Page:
By Talia Avakian
August 18, 2016
An Uber sign in a car window.
Credit: Spencer Platt/Getty Images

Uber will be launching a fleet of self-driving cars in Pittsburgh, Pennsylvania—starting later this month.

Customers hailing a car from Uber’s app in downtown Pittsburgh will be assigned autonomous cars at random, which will initially include a human co-pilot in the vehicle to assist with obstacles the car might face, and to take notes on the ride.

When riders get into a self-driving car, there will be a tablet in the backseat to let them know. There will also be cameras installed to record the ride and catch any glitches.

Uber began road-testing the vehicles in Pittsburgh in May, and has yet to see any incidents or major malfunctions—though the company has found that the car does face some obstacles when it comes to crossing bridges.

The self-driving system utilizes detailed maps, which record roads, lane markings, buildings, potholes, parked cars, fire hydrants, and traffic lights. Data is constantly being collected as the car moves to allow it to recognize and avoid everything from cyclists and pets to pedestrians, but since bridges don’t tend to include very many of these cues—like buildings for example—the car can struggle to recognize them.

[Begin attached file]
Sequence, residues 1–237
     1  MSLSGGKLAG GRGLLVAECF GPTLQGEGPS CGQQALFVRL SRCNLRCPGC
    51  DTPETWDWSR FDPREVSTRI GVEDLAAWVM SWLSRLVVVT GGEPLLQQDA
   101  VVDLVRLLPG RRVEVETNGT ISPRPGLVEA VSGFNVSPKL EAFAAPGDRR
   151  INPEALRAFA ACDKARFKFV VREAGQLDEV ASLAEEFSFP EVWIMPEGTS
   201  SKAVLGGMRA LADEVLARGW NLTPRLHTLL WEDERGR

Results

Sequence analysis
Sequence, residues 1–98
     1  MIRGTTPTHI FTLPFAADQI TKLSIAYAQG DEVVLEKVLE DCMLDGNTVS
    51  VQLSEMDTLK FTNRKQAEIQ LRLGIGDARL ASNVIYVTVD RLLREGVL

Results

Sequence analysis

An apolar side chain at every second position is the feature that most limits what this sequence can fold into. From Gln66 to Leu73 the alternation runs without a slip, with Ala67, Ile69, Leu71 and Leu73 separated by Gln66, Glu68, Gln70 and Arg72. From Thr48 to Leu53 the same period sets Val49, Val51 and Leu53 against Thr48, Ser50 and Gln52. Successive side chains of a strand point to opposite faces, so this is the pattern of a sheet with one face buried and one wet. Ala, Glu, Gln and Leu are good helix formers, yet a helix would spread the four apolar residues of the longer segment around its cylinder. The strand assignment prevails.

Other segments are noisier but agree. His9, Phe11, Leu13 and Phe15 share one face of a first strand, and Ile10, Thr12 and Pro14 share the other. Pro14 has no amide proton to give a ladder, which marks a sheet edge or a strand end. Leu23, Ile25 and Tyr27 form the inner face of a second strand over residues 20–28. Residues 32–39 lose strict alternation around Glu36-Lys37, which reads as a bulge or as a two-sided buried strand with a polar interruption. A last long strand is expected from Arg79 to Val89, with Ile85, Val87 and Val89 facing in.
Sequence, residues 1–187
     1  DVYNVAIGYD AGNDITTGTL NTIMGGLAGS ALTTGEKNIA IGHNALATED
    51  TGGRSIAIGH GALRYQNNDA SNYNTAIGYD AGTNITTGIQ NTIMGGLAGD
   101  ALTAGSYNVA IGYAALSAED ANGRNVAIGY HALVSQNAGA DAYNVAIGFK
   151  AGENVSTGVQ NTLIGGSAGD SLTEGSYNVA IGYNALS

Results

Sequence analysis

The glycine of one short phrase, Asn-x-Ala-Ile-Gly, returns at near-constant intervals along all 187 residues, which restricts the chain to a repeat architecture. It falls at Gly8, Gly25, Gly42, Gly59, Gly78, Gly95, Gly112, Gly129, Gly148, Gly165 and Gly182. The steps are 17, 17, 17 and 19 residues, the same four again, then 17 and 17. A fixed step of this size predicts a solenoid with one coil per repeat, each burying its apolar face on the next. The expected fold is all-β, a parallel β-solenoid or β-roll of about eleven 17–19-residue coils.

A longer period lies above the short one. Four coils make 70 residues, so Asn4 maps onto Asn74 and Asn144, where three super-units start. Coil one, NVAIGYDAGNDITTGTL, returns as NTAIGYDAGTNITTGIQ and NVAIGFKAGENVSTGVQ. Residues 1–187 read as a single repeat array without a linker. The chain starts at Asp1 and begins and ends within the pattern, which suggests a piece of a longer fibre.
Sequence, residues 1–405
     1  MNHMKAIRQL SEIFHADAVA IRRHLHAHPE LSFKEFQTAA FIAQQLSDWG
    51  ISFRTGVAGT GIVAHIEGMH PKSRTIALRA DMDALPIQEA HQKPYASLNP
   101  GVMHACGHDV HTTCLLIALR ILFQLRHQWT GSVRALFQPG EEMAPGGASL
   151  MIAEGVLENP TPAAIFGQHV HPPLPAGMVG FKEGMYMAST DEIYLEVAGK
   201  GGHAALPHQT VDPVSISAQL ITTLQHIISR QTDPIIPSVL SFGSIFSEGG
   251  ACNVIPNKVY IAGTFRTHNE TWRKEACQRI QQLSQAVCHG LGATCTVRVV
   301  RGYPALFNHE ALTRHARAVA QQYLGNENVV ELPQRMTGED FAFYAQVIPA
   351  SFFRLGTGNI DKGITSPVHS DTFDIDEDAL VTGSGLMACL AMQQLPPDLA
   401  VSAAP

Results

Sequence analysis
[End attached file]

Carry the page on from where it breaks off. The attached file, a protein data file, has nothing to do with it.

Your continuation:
At the moment, the vehicles’ Global Positioning System sensors are only accurate within about 10 feet, though the company is working to try and get this number down to the inch.

While there are other companies like Google and Tesla Motors working with self-driving cars, Uber differs in two aspects: The company will be the first to be bring the product to a mass commercial market and is choosing to partner with various auto manufacturers for their vehicles instead of producing its own self-driving automobiles.

Partner companies include Volvo, with which Uber signed a $300-million deal to develop a fully self-driving car by 2021, as well as driverless truck startup Otto, which has long-haul trucking technology Uber will be integrating in the future to improve its delivery services.

Uber is also tapping into the data Otto collects to improve its self-driving mapping and navigation systems for its vehicles.

“Nobody has set up software that can reliably drive a car safely without a human...we are focusing on that,” Uber’s co-founder and CEO, Travis Kalanick said in an interview with Bloomberg.

The self-driving cars will be Volvo XC90 sport-utility vehicles, which will come equipped with sensors that utilize dozens of cameras, lasers, a radar, and GPS receivers to offer the service.

According to Bloomberg, Volvo is set to have 100 of these vehicles released by the end of the year, with Otto’s co-founder Anthony Levandowski taking leadership of Uber’s project once the company’s acquisition with Uber closes, which might be later this month.

Talia Avakian is a digital reporter at Travel + Leisure. Follow her on Twitter at @TaliaAvak.